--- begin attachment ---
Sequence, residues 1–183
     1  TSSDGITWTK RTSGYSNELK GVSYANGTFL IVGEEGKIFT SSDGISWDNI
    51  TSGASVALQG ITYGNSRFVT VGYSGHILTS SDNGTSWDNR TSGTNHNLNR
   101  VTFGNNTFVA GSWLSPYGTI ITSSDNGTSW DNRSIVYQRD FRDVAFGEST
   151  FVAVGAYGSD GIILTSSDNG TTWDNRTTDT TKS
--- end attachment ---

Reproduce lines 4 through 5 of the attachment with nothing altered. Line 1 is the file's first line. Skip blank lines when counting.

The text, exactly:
   101  VTFGNNTFVA GSWLSPYGTI ITSSDNGTSW DNRSIVYQRD FRDVAFGEST
   151  FVAVGAYGSD GIILTSSDNG TTWDNRTTDT TKS